Assessing the impact of the MRBI [Mississippi River Basin Healthy Watersheds Initiative] program in a data limited Arkansas Watershed using the SWAT model
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Leh, Mansoor D.K.; Sharpley, A. N.; Singh, G.; Matlock, M. D. 2018. Assessing the impact of the MRBI [Mississippi River Basin Healthy Watersheds Initiative] program in a data limited Arkansas Watershed using the SWAT model. Agricultural Water Management, 202:202-219. doi: 10.1016/j.agwat.2018.02.012
Permanent link to cite or share this item: https://hdl.handle.net/10568/93060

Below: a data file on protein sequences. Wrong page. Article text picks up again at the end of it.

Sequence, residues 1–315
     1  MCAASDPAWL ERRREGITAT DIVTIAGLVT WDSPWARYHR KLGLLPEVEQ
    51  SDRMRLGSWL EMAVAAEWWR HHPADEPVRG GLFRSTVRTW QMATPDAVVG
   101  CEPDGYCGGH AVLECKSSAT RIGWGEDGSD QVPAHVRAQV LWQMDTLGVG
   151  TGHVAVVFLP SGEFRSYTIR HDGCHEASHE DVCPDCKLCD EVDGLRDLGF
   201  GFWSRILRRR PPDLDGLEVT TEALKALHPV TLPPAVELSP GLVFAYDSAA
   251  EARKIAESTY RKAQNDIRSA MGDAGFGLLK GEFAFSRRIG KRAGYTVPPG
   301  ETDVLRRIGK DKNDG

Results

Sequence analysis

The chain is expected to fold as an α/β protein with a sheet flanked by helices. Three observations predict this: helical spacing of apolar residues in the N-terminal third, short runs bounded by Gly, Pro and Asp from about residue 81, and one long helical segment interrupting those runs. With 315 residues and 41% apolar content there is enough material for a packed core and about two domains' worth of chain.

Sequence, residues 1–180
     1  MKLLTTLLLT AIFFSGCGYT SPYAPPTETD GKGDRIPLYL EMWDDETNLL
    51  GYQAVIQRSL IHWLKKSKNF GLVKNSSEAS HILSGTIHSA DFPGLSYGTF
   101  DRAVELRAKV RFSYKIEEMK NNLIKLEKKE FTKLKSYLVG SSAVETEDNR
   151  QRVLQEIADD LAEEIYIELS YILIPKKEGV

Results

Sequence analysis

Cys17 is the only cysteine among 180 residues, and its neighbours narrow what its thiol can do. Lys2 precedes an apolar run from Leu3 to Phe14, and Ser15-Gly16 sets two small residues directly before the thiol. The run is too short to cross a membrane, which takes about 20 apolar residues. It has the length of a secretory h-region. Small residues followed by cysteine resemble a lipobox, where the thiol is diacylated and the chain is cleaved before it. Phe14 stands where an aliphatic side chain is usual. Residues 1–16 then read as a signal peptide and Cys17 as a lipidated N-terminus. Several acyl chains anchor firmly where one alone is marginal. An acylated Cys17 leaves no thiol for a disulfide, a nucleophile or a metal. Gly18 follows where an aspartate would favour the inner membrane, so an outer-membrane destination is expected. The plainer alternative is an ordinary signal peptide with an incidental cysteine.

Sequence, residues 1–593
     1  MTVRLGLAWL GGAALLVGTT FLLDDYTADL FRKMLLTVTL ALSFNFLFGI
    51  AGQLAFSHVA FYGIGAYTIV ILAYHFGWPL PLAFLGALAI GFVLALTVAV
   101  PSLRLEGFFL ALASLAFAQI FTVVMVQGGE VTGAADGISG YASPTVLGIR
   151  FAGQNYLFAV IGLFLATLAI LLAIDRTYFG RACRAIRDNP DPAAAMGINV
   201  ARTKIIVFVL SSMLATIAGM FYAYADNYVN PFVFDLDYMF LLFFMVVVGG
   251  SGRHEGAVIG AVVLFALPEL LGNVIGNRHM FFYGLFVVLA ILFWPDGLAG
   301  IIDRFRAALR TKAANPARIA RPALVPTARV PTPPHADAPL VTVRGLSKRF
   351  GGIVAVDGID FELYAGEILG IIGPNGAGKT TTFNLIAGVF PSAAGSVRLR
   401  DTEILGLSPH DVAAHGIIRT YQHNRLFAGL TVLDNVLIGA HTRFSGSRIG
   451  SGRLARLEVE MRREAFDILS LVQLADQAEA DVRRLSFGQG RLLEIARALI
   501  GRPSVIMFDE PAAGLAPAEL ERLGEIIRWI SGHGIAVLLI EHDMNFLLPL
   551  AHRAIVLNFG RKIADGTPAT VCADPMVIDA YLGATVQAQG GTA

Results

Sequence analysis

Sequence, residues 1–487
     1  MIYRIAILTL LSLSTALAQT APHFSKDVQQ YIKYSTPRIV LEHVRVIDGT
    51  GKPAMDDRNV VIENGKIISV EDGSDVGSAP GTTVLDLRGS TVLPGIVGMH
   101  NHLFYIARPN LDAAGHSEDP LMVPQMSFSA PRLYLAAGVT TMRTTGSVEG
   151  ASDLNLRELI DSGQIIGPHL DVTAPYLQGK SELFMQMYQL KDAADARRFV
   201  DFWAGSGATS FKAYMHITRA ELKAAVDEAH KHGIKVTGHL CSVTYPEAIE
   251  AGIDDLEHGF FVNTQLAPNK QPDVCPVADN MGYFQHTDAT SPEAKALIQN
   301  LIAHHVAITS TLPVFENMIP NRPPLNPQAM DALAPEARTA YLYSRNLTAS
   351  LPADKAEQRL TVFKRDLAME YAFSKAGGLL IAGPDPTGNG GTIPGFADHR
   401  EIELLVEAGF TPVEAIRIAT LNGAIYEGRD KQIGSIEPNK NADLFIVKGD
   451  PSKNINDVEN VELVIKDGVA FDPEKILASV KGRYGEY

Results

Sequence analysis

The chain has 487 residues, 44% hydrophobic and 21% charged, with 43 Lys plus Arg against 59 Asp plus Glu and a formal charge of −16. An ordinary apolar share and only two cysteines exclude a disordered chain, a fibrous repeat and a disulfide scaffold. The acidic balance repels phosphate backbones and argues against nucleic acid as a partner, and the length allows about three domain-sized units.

The USDA Natural Resources Conservation Service (NRCS) developed the Mississippi River Basin Healthy Watersheds Initiative (MRBI) program to improve the health, water quality and wildlife habitat within the Mississippi River Basin. Lake Conway Point Remove (LCPR) watershed was identified as one of the watersheds for the MRBI program implementation. The goal of this paper is to evaluate the effectiveness of the MRBI program in LCPR watershed using a computer simulation model. Seven best management practices (BMPs) (pond, wetland, pond and wetland, cover crops, vegetative filter strips, grassed waterways and forage and biomass planting) were modelled under four placement strategies: random placement in 30% of the watershed, random placement in 30% hydrologic response units (HRUs) of the high priority hydrological unit code (HUCs), placement in the top 30% of the high priority HUCs, and top 30% of the HRUs in the HUCs near the outlet of the watershed. The model was calibrated for flow for the period 1987–2006 and validated for the period 2007–2012. Sediment and nutrients were validated from 2011 to 2012. Out of the BMPs evaluated, grassed waterways proved to be the most effective BMP in reducing sediment and nutrient loads from row crop (soy beans) and pasture fields. Reductions at the watershed outlet ranged 0–1% for flow, 0.28–14% for sediment, 0.3–10% for TP and 0.3–9% for TN. Relatively higher reductions were observed at the subwatershed level, flow reductions ranged 0–51%, sediment reductions -1 to 79%, TP -1 to 65% and TN -0.37 to 66% depending on BMP type, placement scenario, and watershed characteristics. The results from this study provide the data to help prioritize monitoring needs for collecting watershed response data in LCPR and BMP implementation evaluations, which could be used to inform decisions in similar studies.
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